Improved Top-Down Techniques in Differential Cryptanalysis
- Cite this paper as:
- Dinur I., Dunkelman O., Gutman M., Shamir A. (2015) Improved Top-Down Techniques in Differential Cryptanalysis. In: Lauter K., Rodríguez-Henríquez F. (eds) Progress in Cryptology -- LATINCRYPT 2015. LATINCRYPT 2015. Lecture Notes in Computer Science, vol 9230. Springer, Cham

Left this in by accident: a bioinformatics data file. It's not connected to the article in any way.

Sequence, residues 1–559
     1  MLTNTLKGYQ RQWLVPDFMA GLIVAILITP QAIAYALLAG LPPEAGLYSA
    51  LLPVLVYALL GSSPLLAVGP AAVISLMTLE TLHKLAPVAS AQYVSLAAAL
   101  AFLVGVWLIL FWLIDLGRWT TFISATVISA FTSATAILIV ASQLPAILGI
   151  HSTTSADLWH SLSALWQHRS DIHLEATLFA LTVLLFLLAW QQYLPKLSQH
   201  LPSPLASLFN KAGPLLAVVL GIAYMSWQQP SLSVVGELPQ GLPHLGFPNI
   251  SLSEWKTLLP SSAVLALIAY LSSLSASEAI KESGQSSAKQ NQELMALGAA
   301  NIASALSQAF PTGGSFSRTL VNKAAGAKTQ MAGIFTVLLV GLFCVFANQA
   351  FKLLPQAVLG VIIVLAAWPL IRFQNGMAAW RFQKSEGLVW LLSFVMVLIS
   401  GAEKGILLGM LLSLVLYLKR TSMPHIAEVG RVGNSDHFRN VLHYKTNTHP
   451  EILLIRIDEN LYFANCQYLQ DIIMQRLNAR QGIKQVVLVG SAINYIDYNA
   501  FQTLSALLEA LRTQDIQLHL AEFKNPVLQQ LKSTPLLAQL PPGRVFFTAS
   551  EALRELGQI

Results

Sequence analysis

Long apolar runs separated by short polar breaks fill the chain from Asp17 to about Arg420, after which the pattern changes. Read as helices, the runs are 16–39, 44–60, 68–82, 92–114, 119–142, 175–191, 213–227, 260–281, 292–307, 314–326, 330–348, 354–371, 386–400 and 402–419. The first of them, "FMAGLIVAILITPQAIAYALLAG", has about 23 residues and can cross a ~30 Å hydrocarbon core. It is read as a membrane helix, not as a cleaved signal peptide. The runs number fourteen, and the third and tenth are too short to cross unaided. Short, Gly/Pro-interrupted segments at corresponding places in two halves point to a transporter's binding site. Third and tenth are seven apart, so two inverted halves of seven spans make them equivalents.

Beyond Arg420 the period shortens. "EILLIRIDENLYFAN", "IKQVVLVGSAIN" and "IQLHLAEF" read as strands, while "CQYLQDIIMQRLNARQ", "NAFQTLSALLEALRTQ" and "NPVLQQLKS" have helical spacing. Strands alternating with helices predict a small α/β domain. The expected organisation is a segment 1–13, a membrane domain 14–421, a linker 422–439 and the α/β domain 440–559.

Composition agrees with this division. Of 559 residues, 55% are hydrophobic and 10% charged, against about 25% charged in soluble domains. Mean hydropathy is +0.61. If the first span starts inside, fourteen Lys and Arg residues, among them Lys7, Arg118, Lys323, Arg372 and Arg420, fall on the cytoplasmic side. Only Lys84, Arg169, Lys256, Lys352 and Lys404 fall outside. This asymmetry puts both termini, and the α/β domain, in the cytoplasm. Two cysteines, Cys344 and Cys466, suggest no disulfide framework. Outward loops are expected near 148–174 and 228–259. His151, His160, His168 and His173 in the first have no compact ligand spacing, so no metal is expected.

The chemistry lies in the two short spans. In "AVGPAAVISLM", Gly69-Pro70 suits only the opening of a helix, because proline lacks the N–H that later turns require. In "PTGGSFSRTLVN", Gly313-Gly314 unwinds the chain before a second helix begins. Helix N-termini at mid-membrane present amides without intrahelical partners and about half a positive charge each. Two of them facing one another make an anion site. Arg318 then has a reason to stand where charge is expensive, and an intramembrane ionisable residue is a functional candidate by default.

The fundamental problem of differential cryptanalysis is to find the highest entries in the Difference Distribution Table (DDT) of a given mapping F over n-bit values, and in particular to find the highest diagonal entries which correspond to the best iterative characteristics of F. The standard bottom-up approach to this problem is to consider all the internal components of the mapping along some differential characteristic, and to multiply their transition probabilities. However, this can provide seriously distorted estimates since the various events can be dependent, and there can be a huge number of low probability characteristics contributing to the same high probability entry. In this paper we use a top-down approach which considers the given mapping as a black box, and uses only its input/output relations in order to obtain direct experimental estimates for its DDT entries which are likely to be much more accurate. In particular, we describe three new techniques which reduce the time complexity of three crucial aspects of this problem: Finding the exact values of all the diagonal entries in the DDT for small values of n, approximating all the diagonal entries which correspond to low Hamming weight differences for large values of n, and finding an accurate approximation for any DDT entry whose large value is obtained from many small contributions. To demonstrate the potential contribution of our new techniques, we apply them to the SIMON family of block ciphers, show experimentally that most of the previously published bottom-up estimates of the probabilities of various differentials are off by a significant factor, and describe new differential properties which can cover more rounds with roughly the same probability for several of its members.